The movie combines songs, color and sequences of live action blended with the movements of animated figures. Mary Poppins is a kind of Super-nanny who flies in with her umbrella in response to the request of the Banks children and proceeds to put things right with the aid of her rather extraordinary magical powers. Written by
The top grossing film of 1965, and the top grossing Disney film for 20 years. See more »
When Bert warns Mary Poppins that Uncle Albert's problem is contagious, just before Mary opens the doors to the tea parlor and they all see him laughing on the ceiling, Jane asks "Should we get spots?" to which Mary Poppins answers back, "Oh highly unlikely."
To Americans, this line doesn't make sense, as Americans would ask, "Will we get sick?", but to Britons, especially for the era, this makes sense. It's simply a difference of dialect reflected in the script. See more »
All right, ladies an' gents! Comical poem! Suitable for the occasion, extemporized and thought up before your very eyes! All right, 'ere we go!
Room 'ere for everyone. Gather around.
The constable - responstable! Now 'ow does that sound?
[dashes over to Miss Lark, sings]
'Ello, Miss Lark, I've got one for you.
[...] See more »
In the end credit cast list, the actor playing Mr. Dawes, Sr. is initially shown as NAVCKID KEYD, then the letters unscramble themselves to show that this is a second role played by Dick Van Dyke. See more »
"Mary Poppins" is one of Disney's best live-action films and one of the most popular either. It's a light-hearted comedy and a delightful movie that is so much fun to watch. The movie looks dated for today's standards, but it is undeniably charming. In fact, its old-fashioned charm is timeless. It's a good movie and a classic, so the fact that it looks dated is not a major problem.
It's easy to understand why "Mary Poppins" is such a beloved classic: its simplicity, its magic, its special/visual effects, its beautiful songs, its good morals, its charm, its characters, its classic humor, its combination of live-action and animation and great actors. The way how this combines live-action and animation is very good. Amazing for its time and keeps working out fine.
The sceneries and landscapes of London city are stunning when Mary Poppins is floating on the air (angles of view never seen before or after this, not even in Peter Pan's movies). The walks through London's streets also allows us to know this beautiful city better, as well as its monuments and respective wonderful architecture. The landscapes through the roofs of London are simply amazing and the dancing numbers are excellent.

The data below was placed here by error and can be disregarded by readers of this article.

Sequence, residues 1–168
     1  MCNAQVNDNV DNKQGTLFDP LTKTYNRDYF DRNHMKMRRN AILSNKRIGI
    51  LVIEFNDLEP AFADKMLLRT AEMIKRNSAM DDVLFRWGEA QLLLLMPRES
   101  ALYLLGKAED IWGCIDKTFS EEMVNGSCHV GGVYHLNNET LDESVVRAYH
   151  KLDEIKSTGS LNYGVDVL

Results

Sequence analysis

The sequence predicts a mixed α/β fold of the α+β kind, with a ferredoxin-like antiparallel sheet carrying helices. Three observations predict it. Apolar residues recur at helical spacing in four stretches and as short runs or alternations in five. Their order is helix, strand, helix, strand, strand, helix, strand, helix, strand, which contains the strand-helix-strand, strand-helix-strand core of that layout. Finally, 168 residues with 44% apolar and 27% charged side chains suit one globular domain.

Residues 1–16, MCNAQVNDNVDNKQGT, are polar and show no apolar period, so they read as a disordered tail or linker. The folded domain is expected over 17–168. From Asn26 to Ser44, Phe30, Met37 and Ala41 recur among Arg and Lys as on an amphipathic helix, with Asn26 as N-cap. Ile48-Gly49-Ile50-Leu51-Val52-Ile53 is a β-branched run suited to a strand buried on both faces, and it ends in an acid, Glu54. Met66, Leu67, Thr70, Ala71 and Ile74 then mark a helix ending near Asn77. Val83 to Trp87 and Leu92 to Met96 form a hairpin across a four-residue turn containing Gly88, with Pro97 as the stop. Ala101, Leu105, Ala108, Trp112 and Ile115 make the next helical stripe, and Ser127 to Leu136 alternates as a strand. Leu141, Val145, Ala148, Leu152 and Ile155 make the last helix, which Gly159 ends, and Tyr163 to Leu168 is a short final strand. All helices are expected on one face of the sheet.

«Supercalifragilisticexpialidocious» is the longest and strangest word I've ever heard. Definitely a nonsense but charming word. In fact, I had to practice this word for about a month. Now I can say it easily, but I had serious difficulties to say this word at first.
"Mary Poppins" is an amusing and magical tale, with some valuable morals about family, education and stuff like that as well, combined with light humor.
The characters are interesting in general. Bert is a very cool guy which a cheerful personality, a fine artist, an excellent dancer and speaks with a cockney accent. Dick Van Dyke is awesome as Bert and the way he dances is incredible. He was in excellent shape here. He really dances like Ray Bolger.
The Banks children (Jane and Michael) are absolutely adorable. They're both sweet, innocent and so cute. Michael Banks is the funniest of the two, with his goofy faces in an adorable way and his hilarious way of being «extremely stubborn and suspicious». And they're portrayed by two of the most charismatic and talented child actors of all time: Karen Dotrice and Matthew Garber. It's really sad that Matthew Garber went to Heaven so young (at the age of 21).
Mary Poppins is «the perfect nanny». A magical woman who is also firm and serious but kind and cheerful. Great performance by Julie Andrews, one of her very best. Winifred Banks is a lovable mother, greatly portrayed by Glynis Johns. George Banks is a workaholic, impatient, cold and very serious father most of the time, but at the end of the movie he changes radically his attitudes and becomes a jolly and lovable father. Good performance by David Tomlinson.
Uncle Albert is a character with a minor role but a strong presence. He's very jolly, maybe a little too much, but he's simply hilarious. Ed Wynn is awesome and hilarious as Uncle Albert, a role that resembles somehow the Mad Hatter from "Alice in Wonderland" (1951) - a funny coincidence, because he was the voice of the Mad Hatter. I admit that at first the whole "I Love to Laugh" sequence was a little too much for me, but I quickly got used to it and ended up finding it great fun.
The soundtrack is gold. There are so many lovely songs that it's difficult to chose a favorite. I have many favorites: "The Perfect Nanny", "Let's go fly a kite", "Stay Awake", "The Carousel Horses", "A Spoonful of Sugar", "Feed the Birds (Tuppence a Bag)", "Jolly Holliday", "Supercalifragilisticexpialidocious", "Sister Suffragette", "Chim Chim Cher-ee" and "Penguin Dance". On the other hand, "A Man Has Dreams", "Step in Time" and "The Life I Lead" are nice too, but my favorites are definitely the ones I listed first. The only song I don't like very much is "Fidelity Fiduciary Bank". The only part I like in that song is «You'll see, Michael, you'll be part of railways through Africa, dams across the Nile, fleets of ocean greyhounds, majestic, self-amortizing canals, plantations of ripening sea».
Oh, I love the merry-go-round and the carousel horses of this movie. They're all beautiful. The merry-go-round has a very nostalgic effect for me - it reminds me about childhood. The merry-go-round was so much fun to be in. I also like the animated characters, especially the penguins and the fox.
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